|The index card for Bertha Redcap's naturalization record|
Funny how things work sometimes. I had lunch with a friend just last Sunday. As we were talking, I, of course, was talking about my family tree and genealogy etc. This friend isn’t a genealogist, but she was kind enough to listen to me. I didn’t go on too long. LOL!
One thing I mentioned was that in all my 17+ years of researching, I had yet to find a naturalization record for any of my ancestors.
Given that 4 of my 8 great grandparents came here mid to late 1800’s, from Scotland and England, you’d think I would have found one already. They did state in the 1900 census that they were naturalized. And all of them were living in Detroit, Michigan.
I might not have located any of their records….yet, but I have located one. Not a blood relative, but it is a record from Detroit, so I’m happy to know they exist.
The record I have located is for my paternal granduncle’s wife’s brother’s wife. Yes, that’s stretching it a bit. My granduncle Roy Gould married a lady named Emma Redcap and this naturalization record is associated with that family.
|Certificate of Arrival for Bertha Klinoweit, 3 Apr 1913|
Bertha Klinoweit arrived in the U.S. on 3 Apr 1913, according to her Certificate of Arrival for Naturalization Purposes. She would have been a young girl of 14 years old at the time. This first page of the paperwork states that she arrived on the President Grant. I’ll be looking for a passenger list with her name and will share it with you in a later post.
HERE’S THE NEXT PAGE OF THE NATURALIZATION RECORD
|YOU CAN CLICK ON ANY OF THE IMAGES TO ENLARGE THEM|
On this form we learn that she calls herself Mrs. Bertha REDCAP. This gives her address in Detroit, her occupation and her date of birth – 22 Jul 1898. Best of all it gives her location of birth in Germany as Sanseitschen. This verifies her arrival in New York on 3 Apr 1913 on the U.S.S. President Grant. This page also lists her husband, Charles, his date of birth and place and the date of their marriage as 15 Aug 1926. Doesn't get much better than that for genealogical information.
Bertha signed the page on 10 Nov 1927 and one of the witnesses was my granduncle’s wife, Emma GOULD. Emma also signed the form and now I have both of their signatures (click here to see the other family signatures I've collected)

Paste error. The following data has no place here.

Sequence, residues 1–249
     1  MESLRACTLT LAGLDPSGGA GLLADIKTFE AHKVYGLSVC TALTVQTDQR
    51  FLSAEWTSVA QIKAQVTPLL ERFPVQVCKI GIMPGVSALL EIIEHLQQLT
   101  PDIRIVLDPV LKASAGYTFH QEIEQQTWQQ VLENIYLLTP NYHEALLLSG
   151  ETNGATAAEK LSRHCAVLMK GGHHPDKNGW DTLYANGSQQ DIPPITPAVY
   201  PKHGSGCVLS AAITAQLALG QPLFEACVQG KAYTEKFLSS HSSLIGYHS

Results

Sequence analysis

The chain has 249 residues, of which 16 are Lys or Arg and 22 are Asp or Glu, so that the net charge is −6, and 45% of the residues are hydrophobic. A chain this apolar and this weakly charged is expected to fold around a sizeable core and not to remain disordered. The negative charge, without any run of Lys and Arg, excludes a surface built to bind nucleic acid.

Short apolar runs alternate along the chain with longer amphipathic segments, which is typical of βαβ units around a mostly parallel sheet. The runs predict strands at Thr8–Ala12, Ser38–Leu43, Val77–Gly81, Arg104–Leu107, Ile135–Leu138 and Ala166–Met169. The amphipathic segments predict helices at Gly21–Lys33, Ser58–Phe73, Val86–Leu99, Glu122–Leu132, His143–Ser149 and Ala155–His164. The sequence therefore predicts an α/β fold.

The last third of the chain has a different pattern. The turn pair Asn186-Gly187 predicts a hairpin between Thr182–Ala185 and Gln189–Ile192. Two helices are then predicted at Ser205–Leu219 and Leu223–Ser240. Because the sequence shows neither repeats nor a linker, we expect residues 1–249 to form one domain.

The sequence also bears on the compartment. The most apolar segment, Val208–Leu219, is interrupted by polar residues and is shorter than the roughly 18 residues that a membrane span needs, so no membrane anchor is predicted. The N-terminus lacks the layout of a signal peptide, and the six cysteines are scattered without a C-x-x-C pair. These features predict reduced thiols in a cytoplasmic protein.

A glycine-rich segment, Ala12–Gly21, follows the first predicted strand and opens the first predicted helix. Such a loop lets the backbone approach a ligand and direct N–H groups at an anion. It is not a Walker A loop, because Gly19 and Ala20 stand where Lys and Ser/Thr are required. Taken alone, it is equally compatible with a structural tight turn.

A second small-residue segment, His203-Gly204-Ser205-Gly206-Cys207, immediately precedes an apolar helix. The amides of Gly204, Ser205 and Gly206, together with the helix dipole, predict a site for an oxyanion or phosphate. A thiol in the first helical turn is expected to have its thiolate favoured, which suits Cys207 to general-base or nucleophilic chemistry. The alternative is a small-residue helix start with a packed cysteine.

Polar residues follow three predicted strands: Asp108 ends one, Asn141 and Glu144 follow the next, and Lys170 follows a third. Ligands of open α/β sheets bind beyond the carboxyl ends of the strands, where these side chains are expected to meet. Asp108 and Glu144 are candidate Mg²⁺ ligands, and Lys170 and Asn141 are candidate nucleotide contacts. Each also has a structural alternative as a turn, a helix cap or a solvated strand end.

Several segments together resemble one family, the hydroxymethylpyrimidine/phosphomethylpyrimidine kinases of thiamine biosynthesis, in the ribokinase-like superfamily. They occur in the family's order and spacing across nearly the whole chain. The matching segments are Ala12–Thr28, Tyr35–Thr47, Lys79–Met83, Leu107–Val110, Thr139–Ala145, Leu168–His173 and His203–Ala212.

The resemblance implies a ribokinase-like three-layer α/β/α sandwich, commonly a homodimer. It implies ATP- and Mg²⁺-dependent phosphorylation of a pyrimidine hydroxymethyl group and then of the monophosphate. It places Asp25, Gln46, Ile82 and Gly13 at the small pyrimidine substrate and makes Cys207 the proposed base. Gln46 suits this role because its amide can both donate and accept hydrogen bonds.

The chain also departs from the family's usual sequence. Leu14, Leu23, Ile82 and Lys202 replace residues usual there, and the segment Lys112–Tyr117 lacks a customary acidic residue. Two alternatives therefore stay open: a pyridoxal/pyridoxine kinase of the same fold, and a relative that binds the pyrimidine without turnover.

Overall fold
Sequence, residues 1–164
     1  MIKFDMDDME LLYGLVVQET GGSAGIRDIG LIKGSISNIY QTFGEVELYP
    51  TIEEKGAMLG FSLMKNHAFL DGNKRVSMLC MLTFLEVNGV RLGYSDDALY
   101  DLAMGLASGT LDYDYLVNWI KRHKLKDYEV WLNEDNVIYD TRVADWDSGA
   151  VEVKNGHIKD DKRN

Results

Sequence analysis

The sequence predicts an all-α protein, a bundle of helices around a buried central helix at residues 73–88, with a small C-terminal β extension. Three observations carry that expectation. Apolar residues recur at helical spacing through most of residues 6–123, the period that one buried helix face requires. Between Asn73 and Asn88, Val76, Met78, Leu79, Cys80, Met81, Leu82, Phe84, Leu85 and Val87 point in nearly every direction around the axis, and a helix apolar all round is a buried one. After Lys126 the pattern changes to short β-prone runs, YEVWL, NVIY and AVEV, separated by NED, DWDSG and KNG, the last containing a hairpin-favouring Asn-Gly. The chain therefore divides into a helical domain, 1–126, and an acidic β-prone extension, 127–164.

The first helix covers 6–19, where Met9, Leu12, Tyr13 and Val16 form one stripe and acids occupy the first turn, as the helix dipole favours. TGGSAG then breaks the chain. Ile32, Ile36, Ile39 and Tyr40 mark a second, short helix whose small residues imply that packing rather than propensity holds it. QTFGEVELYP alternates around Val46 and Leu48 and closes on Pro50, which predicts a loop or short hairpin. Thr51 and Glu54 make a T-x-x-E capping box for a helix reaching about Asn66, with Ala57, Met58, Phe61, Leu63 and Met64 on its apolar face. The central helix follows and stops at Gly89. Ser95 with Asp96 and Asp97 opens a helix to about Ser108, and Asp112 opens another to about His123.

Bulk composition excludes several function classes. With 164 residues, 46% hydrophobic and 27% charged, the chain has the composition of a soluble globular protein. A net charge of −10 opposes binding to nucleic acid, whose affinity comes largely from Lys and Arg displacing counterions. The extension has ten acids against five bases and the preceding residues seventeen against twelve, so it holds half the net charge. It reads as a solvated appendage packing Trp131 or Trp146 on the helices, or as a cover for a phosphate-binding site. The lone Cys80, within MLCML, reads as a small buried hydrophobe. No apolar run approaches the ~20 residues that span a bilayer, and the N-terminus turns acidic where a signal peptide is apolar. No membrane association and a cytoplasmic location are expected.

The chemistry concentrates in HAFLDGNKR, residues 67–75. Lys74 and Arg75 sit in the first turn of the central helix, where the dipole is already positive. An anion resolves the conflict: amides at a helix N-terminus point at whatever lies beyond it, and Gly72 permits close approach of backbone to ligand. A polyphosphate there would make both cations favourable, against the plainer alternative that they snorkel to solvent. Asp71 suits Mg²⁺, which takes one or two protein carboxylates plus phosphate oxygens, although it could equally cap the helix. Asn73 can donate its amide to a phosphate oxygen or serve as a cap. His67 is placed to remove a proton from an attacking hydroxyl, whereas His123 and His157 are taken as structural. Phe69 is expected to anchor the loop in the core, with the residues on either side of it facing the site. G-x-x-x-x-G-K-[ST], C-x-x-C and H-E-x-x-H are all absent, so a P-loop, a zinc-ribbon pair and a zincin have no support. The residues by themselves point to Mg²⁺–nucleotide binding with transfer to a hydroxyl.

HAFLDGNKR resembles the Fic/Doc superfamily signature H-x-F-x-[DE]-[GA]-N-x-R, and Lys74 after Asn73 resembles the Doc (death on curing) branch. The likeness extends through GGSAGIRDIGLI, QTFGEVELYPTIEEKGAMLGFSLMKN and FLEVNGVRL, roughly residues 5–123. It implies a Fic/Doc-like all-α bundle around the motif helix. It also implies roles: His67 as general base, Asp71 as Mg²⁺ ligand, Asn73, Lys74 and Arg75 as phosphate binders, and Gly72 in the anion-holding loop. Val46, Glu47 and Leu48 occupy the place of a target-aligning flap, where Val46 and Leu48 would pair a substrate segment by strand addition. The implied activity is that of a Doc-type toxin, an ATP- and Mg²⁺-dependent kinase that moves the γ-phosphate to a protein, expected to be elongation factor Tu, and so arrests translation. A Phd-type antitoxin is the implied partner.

HERE IS THE LAST PAGE OF BERTHA’S NATURALIZATION PAPERS
On this page we see that Bertha declared an oath of allegiance to the Constitution of the United States and denounced the German Reich. She signed this page as well.
The court date is given as 13 Feb 1928 and her Certificate of Naturalization No. is 2728882.
I expect that Bertha was quite proud on the day she took her oath and became a U.S. citizen.
Bertha & Charles had two sons, Edward Charles, born in 1929 and Richard Robert, born 1931.
Sadly, Bertha died at the young age of 36 years, on 24 Nov 1934. She never got to see her little boys grow up. The cause of death was listed as Edema of brain – pulmonary thrombosis/fatty pancreas and liver.
Have you located naturalization records for any of your ancestors? If so, I’d love to hear about them.
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ALL RIGHTS RESERVED. NO USE WITHOUT PERMISSION
Yea, glad you finally found one! I wish mine would state more then a Country they came from.ReplyDelete
Thanks Deb. Even though this one was from a non direct line (way non direct), I felt good finding it and wanted to write about it. Since it was from Detroit, I’m hopeful that someday I will find some from my great grandparents.Delete
Congrats on finding this record! They are such treasures of family history information.ReplyDelete
Thanks Jana. I think all of us want to locate at least one of each type of record. Especially important ones such as naturalization records.Delete
It's exciting to finally find a naturalization record and even better that it was typewritten! So much good information there. I was confused when I read this: "This page also lists her husband, Charles, his date of birth and place and the date of their marriage as 15 Aug 1826." I think you must mean that they married in 1926, not 1826. And how sad she died at such a young age.ReplyDelete
Nancy - Thank you so much for catching my error. I've made the correction to 1926. I am hopeful that I will find more naturalization records. This is a hobby/passion that is certainly never boring.Delete
Thanks for stoppin by.